A paintbrush is one of the illuminator’s most important tools. Although period instructions on making paintbrushes in period are few and far between, I used the information available to make several paintbrushes using variations.
Period Sources for Paintbrush Making
Not many period sources exist that explain how paintbrushes were made in period. I have read one, The Craftsman’s Handbook “Il Libro del l’Arte” by Cennino d’Andrea Cennini, and have heard of one more, The Three Books of the Potter’s Art by Cavaliere Piccolpasso written in 1548. We have plenty of illuminations illustrating an artist with a paintbrush, but we do not get much detail or process from the illuminations. I found one other mention in very late period of the hairs used to make paintbrushes in Merrifield’s book, Medieval and Renaissance Treatises on the Arts of Painting. The source is called the Brussels Manuscript and was written by a painter named Pierre Lebrun in 1635. The author refers to paintbrushes as “pencils” and says that the brush heads should be made of “a soft kind of hair, but which has sufficient resistance to keep itself straight, and to make a firm point for painting.” The author then lists animals that provide fur that meets these requirements: bear, marten and similar animals, hog, and “fishes” which is annotated to probably refer to seal. While described in a section on stained glass as opposed to illumination, On Divers Arts mentions making paintbrushes with “hair from the tail of a marten, badger, squirrel, or cat for from the mane of a donkey.”
Cennini describes the process of making two kinds of paintbrushes: minever and bristle brushes. I will only deal with his instructions on making minever brushes, since the boar bristle brushes that he describes making sound more like something you would use to prepare a canvas or wall for paint as opposed to fine work like illumination. Cennini describes the process of making minever brushes this way:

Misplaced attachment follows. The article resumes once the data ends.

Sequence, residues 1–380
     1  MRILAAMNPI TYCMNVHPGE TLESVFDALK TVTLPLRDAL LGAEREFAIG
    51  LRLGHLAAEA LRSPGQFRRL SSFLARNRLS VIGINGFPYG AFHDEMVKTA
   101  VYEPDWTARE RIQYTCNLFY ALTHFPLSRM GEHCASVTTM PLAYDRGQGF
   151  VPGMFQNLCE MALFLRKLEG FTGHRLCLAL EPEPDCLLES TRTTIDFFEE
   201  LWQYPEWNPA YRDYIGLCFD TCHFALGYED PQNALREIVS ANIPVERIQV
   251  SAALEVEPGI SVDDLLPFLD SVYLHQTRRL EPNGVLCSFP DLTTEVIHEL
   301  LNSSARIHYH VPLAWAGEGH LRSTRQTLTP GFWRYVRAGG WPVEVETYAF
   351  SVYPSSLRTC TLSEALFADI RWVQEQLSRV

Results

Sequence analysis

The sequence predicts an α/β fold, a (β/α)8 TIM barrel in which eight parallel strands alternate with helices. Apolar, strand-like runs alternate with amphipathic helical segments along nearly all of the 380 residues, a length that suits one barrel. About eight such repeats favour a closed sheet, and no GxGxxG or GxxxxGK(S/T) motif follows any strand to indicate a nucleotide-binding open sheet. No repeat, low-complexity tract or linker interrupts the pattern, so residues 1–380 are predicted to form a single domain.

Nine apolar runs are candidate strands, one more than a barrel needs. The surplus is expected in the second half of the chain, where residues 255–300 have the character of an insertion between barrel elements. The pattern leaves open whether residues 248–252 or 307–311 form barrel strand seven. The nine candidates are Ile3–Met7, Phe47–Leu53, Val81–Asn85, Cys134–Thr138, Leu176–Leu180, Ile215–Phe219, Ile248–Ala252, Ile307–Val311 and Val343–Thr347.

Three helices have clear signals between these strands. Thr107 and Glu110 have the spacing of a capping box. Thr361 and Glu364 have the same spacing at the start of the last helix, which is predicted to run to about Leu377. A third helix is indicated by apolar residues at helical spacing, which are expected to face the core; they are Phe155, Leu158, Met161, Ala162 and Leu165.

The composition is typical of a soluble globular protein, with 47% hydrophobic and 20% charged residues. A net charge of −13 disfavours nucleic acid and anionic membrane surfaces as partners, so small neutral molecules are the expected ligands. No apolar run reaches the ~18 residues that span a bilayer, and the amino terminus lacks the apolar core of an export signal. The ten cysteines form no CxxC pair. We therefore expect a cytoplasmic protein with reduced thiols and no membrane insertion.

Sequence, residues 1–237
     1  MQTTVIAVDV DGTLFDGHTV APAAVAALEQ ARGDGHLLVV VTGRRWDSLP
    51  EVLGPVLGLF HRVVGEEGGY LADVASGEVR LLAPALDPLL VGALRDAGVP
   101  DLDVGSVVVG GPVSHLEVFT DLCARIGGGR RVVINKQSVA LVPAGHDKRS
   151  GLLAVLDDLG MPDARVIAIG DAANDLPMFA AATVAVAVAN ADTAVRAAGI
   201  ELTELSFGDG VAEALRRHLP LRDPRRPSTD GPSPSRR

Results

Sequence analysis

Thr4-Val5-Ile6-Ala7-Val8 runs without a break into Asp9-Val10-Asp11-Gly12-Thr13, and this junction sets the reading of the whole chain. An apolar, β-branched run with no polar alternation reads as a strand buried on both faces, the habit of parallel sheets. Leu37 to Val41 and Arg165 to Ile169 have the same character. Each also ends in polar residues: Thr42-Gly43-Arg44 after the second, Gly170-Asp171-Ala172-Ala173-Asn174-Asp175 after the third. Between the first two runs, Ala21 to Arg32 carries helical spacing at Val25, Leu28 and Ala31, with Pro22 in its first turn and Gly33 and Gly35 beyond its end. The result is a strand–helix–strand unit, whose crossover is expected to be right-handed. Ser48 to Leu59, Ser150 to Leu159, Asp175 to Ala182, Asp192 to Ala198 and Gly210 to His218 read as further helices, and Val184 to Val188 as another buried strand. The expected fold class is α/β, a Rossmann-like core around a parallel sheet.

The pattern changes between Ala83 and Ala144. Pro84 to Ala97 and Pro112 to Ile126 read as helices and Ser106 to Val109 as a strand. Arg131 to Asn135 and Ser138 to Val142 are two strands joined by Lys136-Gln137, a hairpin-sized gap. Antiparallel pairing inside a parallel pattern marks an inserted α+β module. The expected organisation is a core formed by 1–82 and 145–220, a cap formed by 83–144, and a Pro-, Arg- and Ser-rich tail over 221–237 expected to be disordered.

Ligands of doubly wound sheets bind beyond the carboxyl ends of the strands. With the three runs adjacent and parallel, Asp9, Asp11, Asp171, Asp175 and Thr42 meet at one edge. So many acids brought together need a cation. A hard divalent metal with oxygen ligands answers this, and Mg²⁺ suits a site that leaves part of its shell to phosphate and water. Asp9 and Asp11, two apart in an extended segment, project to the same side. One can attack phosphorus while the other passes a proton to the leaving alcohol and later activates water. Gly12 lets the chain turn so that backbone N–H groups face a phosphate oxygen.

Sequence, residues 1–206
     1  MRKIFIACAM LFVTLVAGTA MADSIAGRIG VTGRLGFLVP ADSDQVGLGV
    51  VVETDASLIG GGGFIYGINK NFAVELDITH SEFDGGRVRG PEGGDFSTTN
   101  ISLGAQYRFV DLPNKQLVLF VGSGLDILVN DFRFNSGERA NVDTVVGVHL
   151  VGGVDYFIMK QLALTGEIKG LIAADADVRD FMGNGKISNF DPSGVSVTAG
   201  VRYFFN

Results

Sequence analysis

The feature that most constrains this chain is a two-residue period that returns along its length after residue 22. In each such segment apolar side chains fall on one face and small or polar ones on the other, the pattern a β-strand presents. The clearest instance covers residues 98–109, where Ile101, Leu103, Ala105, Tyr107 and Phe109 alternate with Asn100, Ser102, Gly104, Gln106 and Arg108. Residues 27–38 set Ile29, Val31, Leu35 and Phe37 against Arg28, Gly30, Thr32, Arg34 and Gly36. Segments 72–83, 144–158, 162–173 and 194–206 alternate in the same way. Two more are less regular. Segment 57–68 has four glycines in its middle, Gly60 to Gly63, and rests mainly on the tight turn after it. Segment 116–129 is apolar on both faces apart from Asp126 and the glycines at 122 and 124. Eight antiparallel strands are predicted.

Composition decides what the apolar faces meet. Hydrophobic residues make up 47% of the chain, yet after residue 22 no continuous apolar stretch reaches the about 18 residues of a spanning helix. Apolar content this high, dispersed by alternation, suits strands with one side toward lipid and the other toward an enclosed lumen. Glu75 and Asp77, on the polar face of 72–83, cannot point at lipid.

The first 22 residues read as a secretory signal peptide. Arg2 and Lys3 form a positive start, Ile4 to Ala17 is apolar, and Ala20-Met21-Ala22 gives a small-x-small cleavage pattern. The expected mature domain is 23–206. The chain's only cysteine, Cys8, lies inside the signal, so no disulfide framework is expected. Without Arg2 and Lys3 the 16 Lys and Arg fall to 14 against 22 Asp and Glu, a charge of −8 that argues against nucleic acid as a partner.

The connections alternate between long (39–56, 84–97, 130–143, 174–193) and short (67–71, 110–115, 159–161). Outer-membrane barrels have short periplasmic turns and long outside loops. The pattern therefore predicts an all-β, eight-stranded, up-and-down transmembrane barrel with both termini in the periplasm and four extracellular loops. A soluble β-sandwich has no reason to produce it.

HOW TO MAKE MINEVER BRUSHES
“Take minever tails, for no others are suitable; and these tails should be cooked, and not raw; the furriers will tell you that. Take one of these tails; first pull the tip out of it, for those are the long hairs and put the tips of several tails together, for out of six or eight tips you will get a soft brush good for gilding on panel, that is, wetting down with it, as I will show you later on. Then go back to the tail, and take it in your hand; and take the straightest and firmest hairs out of the middle of the tail; and gradually make up little bunches of them; and wet them in a goblet of clear water, and press them and squeeze them out, bunch by bunch, with your fingers. Then trim them with a little pair of scissors; and when you have made up quite a number of bunches, put enough of them together to make up the size you want your brushes; some to fit in a vulture’s quill; some to fit in a goose’s quill; some to fit in a quill of a hen’s or dove’s feather. When you have made these type, putting them together very evenly, with each tip on a line with the other, take thread or waxed silk and tie them up well with two bights or knots, each type by itself, according to the size you want the brushes. Then take your feather quill which corresponds to the amount of hairs tied up, and have the quill open, or cut off, at the end; and put these tied-up hairs into this tube or quill. Continue to do this, so that some of the tips stick out, as long as you can press them in from outside, so that the brush will come out fairly stiff; for the stiffer and shorter it is the better and more delicate it will be. Then take a little stick of maple or chestnut, or other good wood; and make it smooth and neat, tapered like a spindle, and large enough to fit tightly in this tube; and have it nine inches long.”
 Merrifield at 770.
 Merrifield at 766.
 Merrifield at 770.
 Merrifield at 770-771.
 Theophilus at 62.
 Cennini at 40-41.
Tail (squirrel, ermine, mink, marten)
Wooden stick for handle
Waxed silk thread
Cup of water
Parts of the Paintbrush
Handle: made of wood. I have shaped these from sticks I bought in a craft store.
Brush tip: In period I have mostly seen mention of minever, but I mainly used squirrel due to cost. Furs of all kinds can be purchased on Amazon or Etsy.
Ferrule: the tube that connects brush tip and handle. Medieval sources say that the ferrule is made of a feather quill. You can order all kinds of feathers on Amazon. I have duck and guinea hen feathers.
- Cut the ferrule from the shaft of a feather. Use the size of feather appropriate for the size of the brush. Try to cut a portion about an inch or less in length and as open as possible. Cut both ends off of the portion of feather shaft so that you have a hollow tube. The easiest way is to cut off the tip of the feather first and then hold the tube while cutting the feather near where the barbs start so that the tube will not go flying when the cut is made. Use a large needle to clean out anything from the center of the feather shaft.